Former LRA commander on trial at the ICC accused of war crimes says he was victim not perpetrator of atrocities in Uganda
Dominic Ongwen in the court room of the international criminal court at an earlier hearing. Photograph: Pool/Reuters
Monday 16 January 2017 10.06 GMTLast modified on Thursday 2 February 2017 12.26 GMT
Prosecutors at the international criminal court at The Hague are due to present their case on Monday against a child soldier turned militia leader from northern Uganda accused of committing war crimes including rape and murder.
Dominic Ongwen, once a feared commander of the Lord’s Resistance Army, appeared last month before the court to plead not guilty, saying that as a child soldier taken by force from his home by the organisation he was a victim of its atrocities, not a perpetrator.
The trial of is one of the most momentous in the ICC’s 14-year history, and raises difficult questions of responsibility and blame.
Ongwen, who is 41, was abducted by the LRA at the age of 10. He is the first former child soldier to face trial at the institution and the first defendant to be both alleged perpetrator and victim of the same crimes.
He told the court in December that he was “one of the people against whom the LRA committed atrocities” and should not be on trial.
Child soldier to war criminal: the trial of Dominic Ongwen
“In the name of God, I deny all these charges… I am not the LRA … It is the LRA who abducted people in northern Uganda. It is the LRA who killed people,” Ongwen said, speaking through an interpreter.
But Fatou Bensouda, who will lead the prosecution team, told the court at the earlier hearing that past victimisation as a child might be a mitigating factor in sentencing but was not a defence of Ongwen’s alleged decision to “wholeheartedly” embrace violence.
“Ongwen was directly involved in many attacks on civilians … He knew that the crimes he committed were part of widespread and systematic attacks … He played a crucial role in the abduction of children in order to maintain the fighting strength of the LRA,” she told the court.
The trial may last many years, officials have warned. The prosecution alone has signalled it will call more than 70 witnesses.
The charges against Ongwen include murder, attempted murder, torture, rape, sexual slavery, the alleged conscription of children under the age of 15 into an armed group and, for the first time, “forced pregnancy” and “forced marriage”.
If convicted, Ongwen faces up to 30 years in prison, or a life sentence could be imposed.
The group has been blamed for the deaths of about 100,000 people and the abduction of 60,000 children. It relied on the abduction of largely defenceless villagers and refugees, including children, to provide labour and combatants. Girls were forced into sexual and domestic slavery while boys were forced to take up arms.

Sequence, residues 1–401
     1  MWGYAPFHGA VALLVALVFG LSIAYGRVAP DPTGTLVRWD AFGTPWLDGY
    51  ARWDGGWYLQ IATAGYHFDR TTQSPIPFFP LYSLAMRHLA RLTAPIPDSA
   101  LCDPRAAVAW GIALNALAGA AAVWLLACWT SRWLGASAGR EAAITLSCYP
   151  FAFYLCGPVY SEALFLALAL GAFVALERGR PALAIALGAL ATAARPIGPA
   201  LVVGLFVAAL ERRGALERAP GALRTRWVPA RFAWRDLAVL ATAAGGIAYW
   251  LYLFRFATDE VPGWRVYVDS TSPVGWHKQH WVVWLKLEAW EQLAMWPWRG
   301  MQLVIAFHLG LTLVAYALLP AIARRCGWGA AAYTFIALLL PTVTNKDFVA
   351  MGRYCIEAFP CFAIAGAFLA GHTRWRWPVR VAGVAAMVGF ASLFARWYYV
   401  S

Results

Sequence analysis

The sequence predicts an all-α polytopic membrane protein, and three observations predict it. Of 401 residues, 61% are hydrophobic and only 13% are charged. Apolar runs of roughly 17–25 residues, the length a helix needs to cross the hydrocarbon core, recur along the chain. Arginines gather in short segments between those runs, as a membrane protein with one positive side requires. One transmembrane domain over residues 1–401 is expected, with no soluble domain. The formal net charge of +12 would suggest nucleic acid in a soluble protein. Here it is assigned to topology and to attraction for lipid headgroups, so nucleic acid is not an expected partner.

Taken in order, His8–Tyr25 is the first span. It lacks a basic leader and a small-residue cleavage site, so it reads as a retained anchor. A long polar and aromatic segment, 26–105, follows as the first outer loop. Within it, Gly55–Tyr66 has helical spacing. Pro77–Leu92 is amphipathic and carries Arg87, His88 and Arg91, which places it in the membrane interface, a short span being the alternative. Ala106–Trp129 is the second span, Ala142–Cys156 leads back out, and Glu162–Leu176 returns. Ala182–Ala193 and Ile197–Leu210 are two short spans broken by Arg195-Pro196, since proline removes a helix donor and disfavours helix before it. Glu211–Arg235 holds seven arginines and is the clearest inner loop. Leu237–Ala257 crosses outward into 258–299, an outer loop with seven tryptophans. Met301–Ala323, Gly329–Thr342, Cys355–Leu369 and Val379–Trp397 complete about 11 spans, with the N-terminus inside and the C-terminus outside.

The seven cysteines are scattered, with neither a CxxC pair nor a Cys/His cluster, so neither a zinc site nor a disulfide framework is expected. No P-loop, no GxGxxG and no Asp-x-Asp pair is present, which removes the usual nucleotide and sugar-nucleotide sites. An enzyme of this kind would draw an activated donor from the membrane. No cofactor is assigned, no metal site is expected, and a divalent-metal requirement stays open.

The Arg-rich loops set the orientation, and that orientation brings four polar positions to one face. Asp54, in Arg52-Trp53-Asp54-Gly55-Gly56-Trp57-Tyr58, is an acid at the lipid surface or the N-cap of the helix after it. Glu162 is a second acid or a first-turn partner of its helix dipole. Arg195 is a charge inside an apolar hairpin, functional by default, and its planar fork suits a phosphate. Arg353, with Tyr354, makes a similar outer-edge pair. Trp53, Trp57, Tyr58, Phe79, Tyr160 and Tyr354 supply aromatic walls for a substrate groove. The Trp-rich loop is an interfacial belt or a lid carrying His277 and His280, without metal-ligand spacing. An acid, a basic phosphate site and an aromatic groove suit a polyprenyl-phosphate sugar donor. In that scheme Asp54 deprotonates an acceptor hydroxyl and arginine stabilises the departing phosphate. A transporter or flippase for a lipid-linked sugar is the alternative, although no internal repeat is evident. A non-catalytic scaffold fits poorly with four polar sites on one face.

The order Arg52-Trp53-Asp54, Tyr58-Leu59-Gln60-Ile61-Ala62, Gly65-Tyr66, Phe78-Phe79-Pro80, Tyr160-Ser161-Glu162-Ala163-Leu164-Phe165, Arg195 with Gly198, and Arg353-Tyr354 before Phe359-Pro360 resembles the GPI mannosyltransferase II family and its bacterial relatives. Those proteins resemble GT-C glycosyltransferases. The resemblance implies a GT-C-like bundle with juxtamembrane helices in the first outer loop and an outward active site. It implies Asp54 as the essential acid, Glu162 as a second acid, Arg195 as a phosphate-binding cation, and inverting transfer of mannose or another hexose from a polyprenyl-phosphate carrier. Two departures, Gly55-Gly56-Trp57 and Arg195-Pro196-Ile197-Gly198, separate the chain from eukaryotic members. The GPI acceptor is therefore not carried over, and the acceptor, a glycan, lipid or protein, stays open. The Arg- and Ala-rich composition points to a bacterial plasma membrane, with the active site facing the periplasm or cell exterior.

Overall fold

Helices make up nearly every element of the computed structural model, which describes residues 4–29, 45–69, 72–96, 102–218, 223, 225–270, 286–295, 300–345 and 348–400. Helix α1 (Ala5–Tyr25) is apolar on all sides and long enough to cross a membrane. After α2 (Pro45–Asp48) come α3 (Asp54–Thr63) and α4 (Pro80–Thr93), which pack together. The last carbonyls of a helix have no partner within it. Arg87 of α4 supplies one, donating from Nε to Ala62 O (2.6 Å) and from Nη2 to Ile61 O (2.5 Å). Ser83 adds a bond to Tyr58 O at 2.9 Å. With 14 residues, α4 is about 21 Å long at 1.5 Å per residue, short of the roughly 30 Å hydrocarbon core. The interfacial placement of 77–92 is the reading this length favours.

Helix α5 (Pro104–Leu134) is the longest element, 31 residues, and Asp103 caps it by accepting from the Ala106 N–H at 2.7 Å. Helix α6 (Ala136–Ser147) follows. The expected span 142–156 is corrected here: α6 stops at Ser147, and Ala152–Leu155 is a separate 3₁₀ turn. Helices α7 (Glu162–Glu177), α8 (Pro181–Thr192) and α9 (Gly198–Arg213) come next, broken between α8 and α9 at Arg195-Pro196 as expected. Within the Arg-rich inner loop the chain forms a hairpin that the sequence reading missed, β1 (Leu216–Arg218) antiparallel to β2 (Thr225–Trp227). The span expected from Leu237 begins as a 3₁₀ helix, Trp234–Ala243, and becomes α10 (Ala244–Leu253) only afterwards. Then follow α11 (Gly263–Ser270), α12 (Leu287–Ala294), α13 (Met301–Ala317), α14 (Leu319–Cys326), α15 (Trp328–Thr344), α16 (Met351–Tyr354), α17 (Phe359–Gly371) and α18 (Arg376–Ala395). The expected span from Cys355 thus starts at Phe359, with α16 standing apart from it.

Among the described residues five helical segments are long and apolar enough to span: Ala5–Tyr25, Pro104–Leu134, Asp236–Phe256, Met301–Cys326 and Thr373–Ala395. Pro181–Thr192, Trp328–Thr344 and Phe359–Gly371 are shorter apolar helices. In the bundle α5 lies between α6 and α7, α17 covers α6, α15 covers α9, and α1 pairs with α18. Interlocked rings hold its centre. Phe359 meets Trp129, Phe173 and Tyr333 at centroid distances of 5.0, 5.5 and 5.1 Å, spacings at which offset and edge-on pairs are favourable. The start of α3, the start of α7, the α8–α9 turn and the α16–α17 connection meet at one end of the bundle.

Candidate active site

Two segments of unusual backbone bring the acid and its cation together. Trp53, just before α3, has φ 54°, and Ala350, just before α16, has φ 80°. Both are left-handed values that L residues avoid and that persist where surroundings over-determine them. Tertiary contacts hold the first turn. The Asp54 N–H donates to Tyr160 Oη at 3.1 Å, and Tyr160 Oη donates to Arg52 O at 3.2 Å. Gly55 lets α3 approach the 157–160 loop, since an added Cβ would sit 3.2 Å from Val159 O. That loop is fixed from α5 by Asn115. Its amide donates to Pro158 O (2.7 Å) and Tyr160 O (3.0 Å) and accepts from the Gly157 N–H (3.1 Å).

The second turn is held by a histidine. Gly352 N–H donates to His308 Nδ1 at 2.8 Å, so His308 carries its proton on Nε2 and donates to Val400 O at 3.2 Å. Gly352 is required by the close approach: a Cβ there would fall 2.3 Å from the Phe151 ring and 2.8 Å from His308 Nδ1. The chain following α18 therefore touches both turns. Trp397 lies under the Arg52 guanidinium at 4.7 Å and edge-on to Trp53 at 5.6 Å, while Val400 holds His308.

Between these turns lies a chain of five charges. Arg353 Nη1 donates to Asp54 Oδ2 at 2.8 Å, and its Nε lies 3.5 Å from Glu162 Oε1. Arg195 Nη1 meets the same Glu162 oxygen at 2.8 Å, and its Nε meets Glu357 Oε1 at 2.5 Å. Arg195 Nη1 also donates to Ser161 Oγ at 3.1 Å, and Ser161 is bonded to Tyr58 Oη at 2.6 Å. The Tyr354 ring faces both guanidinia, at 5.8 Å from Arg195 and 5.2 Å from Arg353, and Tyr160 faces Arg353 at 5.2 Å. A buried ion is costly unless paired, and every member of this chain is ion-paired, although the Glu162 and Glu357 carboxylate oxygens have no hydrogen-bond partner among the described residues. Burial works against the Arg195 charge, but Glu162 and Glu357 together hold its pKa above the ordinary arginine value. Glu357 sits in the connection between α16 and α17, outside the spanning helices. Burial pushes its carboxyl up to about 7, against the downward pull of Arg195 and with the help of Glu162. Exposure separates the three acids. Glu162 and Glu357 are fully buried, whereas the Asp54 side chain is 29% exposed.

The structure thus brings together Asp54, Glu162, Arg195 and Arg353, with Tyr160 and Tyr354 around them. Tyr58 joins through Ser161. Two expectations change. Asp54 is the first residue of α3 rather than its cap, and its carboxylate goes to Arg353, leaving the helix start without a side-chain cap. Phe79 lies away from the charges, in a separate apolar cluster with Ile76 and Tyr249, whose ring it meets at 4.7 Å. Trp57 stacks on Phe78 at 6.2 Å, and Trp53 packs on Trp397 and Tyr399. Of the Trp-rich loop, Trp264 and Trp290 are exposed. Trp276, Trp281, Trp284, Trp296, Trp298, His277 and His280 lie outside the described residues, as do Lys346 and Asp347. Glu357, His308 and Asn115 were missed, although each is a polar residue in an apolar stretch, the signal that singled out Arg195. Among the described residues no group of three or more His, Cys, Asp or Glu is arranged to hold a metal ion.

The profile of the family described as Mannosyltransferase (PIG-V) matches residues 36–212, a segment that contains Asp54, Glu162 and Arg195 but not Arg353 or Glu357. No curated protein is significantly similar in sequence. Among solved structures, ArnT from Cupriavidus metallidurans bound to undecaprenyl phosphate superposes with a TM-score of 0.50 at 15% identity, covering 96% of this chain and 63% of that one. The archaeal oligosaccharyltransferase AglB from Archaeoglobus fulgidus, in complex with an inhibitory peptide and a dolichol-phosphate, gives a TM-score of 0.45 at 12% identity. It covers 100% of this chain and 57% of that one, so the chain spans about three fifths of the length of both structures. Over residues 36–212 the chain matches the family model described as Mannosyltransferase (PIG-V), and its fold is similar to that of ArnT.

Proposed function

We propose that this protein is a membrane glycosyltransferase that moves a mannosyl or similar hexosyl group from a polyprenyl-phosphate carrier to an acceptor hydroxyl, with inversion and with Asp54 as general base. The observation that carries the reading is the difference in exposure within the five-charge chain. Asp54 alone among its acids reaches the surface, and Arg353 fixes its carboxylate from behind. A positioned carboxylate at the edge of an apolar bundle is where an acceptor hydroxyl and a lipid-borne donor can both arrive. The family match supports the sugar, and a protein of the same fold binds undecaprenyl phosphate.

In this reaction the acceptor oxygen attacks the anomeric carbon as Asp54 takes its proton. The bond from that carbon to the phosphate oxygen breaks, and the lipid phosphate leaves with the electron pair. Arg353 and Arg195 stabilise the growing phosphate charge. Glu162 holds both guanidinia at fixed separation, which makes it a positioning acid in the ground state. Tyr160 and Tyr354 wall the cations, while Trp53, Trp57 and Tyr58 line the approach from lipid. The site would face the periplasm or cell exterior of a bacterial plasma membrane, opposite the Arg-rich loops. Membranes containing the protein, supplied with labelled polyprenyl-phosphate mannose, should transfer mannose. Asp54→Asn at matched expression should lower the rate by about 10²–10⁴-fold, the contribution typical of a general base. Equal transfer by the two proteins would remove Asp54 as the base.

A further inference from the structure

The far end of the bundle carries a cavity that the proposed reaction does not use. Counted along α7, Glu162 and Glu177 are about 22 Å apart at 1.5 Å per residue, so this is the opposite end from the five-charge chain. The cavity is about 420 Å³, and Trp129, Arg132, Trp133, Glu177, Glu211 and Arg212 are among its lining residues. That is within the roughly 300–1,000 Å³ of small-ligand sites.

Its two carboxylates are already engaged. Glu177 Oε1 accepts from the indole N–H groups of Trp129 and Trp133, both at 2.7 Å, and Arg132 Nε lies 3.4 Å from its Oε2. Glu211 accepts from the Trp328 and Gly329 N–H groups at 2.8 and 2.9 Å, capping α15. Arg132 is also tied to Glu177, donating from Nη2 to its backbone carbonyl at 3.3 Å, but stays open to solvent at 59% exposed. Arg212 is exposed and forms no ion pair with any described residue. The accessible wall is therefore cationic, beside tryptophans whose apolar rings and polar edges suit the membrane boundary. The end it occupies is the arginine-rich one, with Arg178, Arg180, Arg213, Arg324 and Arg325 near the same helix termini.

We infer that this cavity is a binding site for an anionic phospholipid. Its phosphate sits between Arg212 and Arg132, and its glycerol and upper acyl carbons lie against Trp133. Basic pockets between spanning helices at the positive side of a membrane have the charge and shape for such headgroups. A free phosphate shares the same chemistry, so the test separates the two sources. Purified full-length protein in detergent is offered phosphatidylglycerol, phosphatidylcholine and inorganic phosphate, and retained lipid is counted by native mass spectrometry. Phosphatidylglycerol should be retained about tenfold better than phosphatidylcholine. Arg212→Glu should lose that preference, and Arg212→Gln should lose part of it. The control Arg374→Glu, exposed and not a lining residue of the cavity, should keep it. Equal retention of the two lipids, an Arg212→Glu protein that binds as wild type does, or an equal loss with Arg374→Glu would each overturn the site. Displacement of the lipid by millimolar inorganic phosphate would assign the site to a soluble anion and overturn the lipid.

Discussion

Most of the charges against Ongwen focus on attacks on refugee camps between 2002 and 2005. One of the worst involved a four-day raid by the LRA on camps in north-eastern Congo in December 2009, in which about 350 civilians were killed and another 250, including at least 80 children, were abducted.
People watch a screening of the start of the trial of Dominic Ongwen in Lukodi, Uganda, in December. Photograph: Isaac Kasamani/AFP/Getty Images
Defence lawyers will argue that much of the evidence against Ongwen is unreliable and say their client was brutalised and traumatised after being abducted.
“He was tortured … forced to watch people being killed, used for fighting as a child soldier. Even the prosecution have said that what he went through is a serious mitigating factor,” Thomas Obhof, a US lawyer based in Ugandaand part of the defence team, said in December.
Ledio Cakaj, the author of When the Walking Defeats You, which documents the experiences of a bodyguard to Kony, said the trial raised a very tricky issue as “a lot of these people of the LRA, who are considered as the bad guys, were in some sense victims in the first place”.
Of the five senior LRA leaders indicted by the ICC more than a decade ago, only Ongwen and Kony are still alive. Despite a $5m (£3.5m) reward for information leading to his capture, Kony remains elusive.
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The case is important for the embattled ICC, which was founded in 2002 to bring to justice perpetrators of crimes that local criminal systems cannot deal with.
The institution has repeatedly faced criticism by some in Africa who see it as a racist or imperialist. Nine out of the 10 cases being investigated by the ICC involve alleged crimes in Africa, where several countries have announced their withdrawal from the court.
Defenders say the majority of the investigations have followed an explicit request or grant of jurisdiction from the government in the country where the crimes were committed, as in the case of Uganda.
The trial of Ongwen has been hailed by human rights campaigners as a “significant first on justice for LRA atrocities”.
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Source: The Guardian by Jason Burke Africa correspondent